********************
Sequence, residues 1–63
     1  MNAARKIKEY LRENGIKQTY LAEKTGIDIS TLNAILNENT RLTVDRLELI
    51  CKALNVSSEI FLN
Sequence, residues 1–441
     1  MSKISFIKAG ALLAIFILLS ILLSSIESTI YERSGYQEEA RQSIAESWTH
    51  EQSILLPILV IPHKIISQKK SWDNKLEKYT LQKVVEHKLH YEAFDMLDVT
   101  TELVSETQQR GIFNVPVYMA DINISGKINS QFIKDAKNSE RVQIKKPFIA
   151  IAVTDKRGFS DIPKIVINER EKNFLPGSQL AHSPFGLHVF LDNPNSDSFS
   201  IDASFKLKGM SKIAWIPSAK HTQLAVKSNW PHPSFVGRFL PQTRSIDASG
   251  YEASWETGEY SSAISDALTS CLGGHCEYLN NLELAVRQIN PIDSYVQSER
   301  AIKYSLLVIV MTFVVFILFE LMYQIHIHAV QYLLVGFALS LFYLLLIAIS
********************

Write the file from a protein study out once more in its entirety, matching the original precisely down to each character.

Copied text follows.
Sequence, residues 1–63
     1  MNAARKIKEY LRENGIKQTY LAEKTGIDIS TLNAILNENT RLTVDRLELI
    51  CKALNVSSEI FLN
Sequence, residues 1–441
     1  MSKISFIKAG ALLAIFILLS ILLSSIESTI YERSGYQEEA RQSIAESWTH
    51  EQSILLPILV IPHKIISQKK SWDNKLEKYT LQKVVEHKLH YEAFDMLDVT
   101  TELVSETQQR GIFNVPVYMA DINISGKINS QFIKDAKNSE RVQIKKPFIA
   151  IAVTDKRGFS DIPKIVINER EKNFLPGSQL AHSPFGLHVF LDNPNSDSFS
   201  IDASFKLKGM SKIAWIPSAK HTQLAVKSNW PHPSFVGRFL PQTRSIDASG
   251  YEASWETGEY SSAISDALTS CLGGHCEYLN NLELAVRQIN PIDSYVQSER
   301  AIKYSLLVIV MTFVVFILFE LMYQIHIHAV QYLLVGFALS LFYLLLIAIS